Tuesday, March 4, 2008

Two poems/songs by Norman Ball

Two poems/songs
by Norman Ball

Editor's note: The following are the poetry/lyrics to two songs written and sung by contributor Norman Ball. The You Tube video links are included in the titles.

Spill my Wine (Fallujah)

We are tired of staring
at our brothers on the ground.
Keep the music blaring.
Our salvation is the sound.

I am emptied, Father.
Stripped of armor -- short of time.
There are waiting others
hungry for the savage sign.
Seal Fallujah's borders
tease the serpents from the crowd.
Raise our sacred heroes
Let the verses scream out loud.


We gazed down from colossal turrets
onto the gates of the ancient city,
our tanks idling restless on the timeless drift.
Whole armies lay entombed beneath the sands
where we now plotted our advance.
On the eve of battle, many struggled with strange visions.
In an effort to break the tension, someone began reciting a prayer
before the tank commander ordered him to stop.
Like trace-fire, the man's amen trailed off
into the bowels of the dark machine....

I can feel your shadows
cast their spells across my mind.
Chills me to the marrow
Stain my garden, spill my wine
Spill my wine, spill my wine
spill my wine, spill my wine.
spill my wine, spill my wine.


Cash Me Out

Well he didn't have a fancy trill
like lead singers of today.
His soul just trembled in his throat
and his gut would lead the way.
His songs were drenched in sorrow
like an Appalachian rain,
full of hardluck times and tell-tale signs
that tomorrow held more pain.


Cash me out today, we've lost ole Johnny.
He's up and joined his precious angel June.
If its darkest just before the light, don't it figure
that the man-in-black could light the darkest room?

While others tried to push their luck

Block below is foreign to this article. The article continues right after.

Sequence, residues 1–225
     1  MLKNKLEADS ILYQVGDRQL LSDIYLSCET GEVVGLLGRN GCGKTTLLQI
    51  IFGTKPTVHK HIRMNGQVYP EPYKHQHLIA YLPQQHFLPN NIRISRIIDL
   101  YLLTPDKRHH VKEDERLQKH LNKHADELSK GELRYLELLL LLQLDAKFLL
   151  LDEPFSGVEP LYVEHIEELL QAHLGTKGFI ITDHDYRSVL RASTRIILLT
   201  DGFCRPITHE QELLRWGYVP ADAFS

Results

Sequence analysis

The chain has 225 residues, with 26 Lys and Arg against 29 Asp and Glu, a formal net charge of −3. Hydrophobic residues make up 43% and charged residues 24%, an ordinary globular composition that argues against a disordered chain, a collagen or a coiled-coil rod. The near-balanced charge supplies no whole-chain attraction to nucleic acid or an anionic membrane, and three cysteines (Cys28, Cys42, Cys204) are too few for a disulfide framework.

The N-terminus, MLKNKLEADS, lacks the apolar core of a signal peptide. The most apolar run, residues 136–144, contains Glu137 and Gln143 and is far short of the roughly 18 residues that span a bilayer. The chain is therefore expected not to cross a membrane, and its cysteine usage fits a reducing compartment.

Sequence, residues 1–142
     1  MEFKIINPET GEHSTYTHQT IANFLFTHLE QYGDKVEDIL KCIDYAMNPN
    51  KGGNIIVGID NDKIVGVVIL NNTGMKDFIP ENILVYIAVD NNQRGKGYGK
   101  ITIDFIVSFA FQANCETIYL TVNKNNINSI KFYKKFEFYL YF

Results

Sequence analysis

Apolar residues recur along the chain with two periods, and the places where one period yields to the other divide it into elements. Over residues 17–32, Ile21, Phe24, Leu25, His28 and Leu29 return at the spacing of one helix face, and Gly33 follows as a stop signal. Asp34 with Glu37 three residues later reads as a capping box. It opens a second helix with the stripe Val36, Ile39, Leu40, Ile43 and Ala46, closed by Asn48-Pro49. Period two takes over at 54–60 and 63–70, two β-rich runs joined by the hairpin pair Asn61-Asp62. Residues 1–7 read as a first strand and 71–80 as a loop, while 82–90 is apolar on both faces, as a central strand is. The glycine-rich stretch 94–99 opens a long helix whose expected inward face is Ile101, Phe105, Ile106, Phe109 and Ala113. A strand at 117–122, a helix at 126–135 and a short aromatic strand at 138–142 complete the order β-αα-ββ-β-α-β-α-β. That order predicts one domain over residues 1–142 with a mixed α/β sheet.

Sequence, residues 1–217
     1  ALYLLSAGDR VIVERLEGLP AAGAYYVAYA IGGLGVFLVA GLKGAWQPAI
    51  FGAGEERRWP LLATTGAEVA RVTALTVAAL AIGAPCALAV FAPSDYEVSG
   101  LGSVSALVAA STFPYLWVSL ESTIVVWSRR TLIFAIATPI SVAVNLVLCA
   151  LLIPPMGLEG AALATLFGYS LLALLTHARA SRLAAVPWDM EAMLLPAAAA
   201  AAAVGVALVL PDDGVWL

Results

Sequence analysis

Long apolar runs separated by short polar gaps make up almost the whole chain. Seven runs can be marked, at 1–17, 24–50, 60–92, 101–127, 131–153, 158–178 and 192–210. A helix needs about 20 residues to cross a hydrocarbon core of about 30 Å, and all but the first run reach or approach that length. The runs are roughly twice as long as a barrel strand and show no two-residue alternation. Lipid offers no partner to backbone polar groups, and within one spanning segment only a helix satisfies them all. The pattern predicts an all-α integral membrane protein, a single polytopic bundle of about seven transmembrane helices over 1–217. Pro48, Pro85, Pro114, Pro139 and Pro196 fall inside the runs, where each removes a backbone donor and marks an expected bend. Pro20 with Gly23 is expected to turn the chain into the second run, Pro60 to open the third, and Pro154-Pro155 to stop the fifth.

with the same ole' borrowed style,
well he pushed himself from hell to hymn
like a man on borrowed time.
His voice had business with your soul
in an eerie sort of way,
not singing in the normal sense
--more like God-come-down-to-play.


If prison is a holding cell
for interrupted dreams,
John woke 'em up one Folsom night
to the sound of tracks and steam.
Well I've heard that train come round the bend
a million times or more.
It built a station in my heart
where a bar-stool was before.

His Sunday mornings sobered up
when John came down to the Lord.
No better pilgrim walked this land
nor preached a truer word.
But he never laid it on too thick.
He respected us too much.
He just preached his heart and dropped the stick,
an' he kept his common touch



No ring of fire could ring him in.
No straight line broke his stride
No hammer beat him down for good
No name could steal his pride

The line he walked well that was our line too,
though at times we couldn't see.
'Cause it takes a man to blaze a trail
and set his brothers free.


Author bio:

Norman Ball is a Virginia-based writer and musician whose writing has appeared in Liberty, Clamor, Hazmat, Identity Theory, Noo Journal, Epicenter and others.

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